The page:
Friday, June 07, 2002

jerry falwell parodies triumph in arbitration

Jerry Falwell is the subject of a couple of websites that he would prefer that you didn't see. The sites use his name in their domain name on the web, and poke fun at him. His lawyers sent cease and desist letters to the web master of asking that the name stopped being used. The site continued, so he brought an arbitration action against the owner, claiming that he had a common law trademark in his name. Members of the World Intellectual Property Organization, acting as arbitrators, denied the complaint:
The complainant has failed to show that his name, well known as it is, has been used in a trademark sense as a label of particular goods or services. There are many well-known ministers, religious figures and academics. Are their sermons or lectures to be considered commercial goods?"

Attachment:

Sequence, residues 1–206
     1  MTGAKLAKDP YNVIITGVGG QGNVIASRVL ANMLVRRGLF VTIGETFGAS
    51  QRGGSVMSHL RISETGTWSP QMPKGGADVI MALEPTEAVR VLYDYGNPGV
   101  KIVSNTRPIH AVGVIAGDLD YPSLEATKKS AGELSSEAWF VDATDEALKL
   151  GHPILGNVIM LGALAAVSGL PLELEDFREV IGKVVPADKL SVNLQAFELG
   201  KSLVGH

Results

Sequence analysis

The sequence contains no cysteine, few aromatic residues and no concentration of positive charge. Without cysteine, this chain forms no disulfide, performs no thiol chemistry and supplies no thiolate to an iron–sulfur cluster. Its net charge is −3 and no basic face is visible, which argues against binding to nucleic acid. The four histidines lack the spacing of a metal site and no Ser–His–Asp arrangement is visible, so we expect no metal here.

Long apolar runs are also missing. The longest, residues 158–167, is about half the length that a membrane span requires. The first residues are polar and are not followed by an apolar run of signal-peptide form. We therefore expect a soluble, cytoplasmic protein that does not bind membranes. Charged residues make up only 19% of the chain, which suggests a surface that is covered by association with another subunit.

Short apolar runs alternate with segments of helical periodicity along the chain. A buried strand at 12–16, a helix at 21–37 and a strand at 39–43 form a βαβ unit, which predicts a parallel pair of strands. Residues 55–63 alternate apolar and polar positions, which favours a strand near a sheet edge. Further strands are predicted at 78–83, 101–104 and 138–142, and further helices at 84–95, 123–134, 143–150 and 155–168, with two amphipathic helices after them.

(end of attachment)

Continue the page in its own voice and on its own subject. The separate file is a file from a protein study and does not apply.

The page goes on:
The ruling also applies to another site about the Reverend,

[For more on parody web sites, see the excellent Findlaw Writ article: The Law and Politics of Internet Activism: The Yes Men, Peta, Rtmark, And The Phenomenon Of Parody Websites. ]

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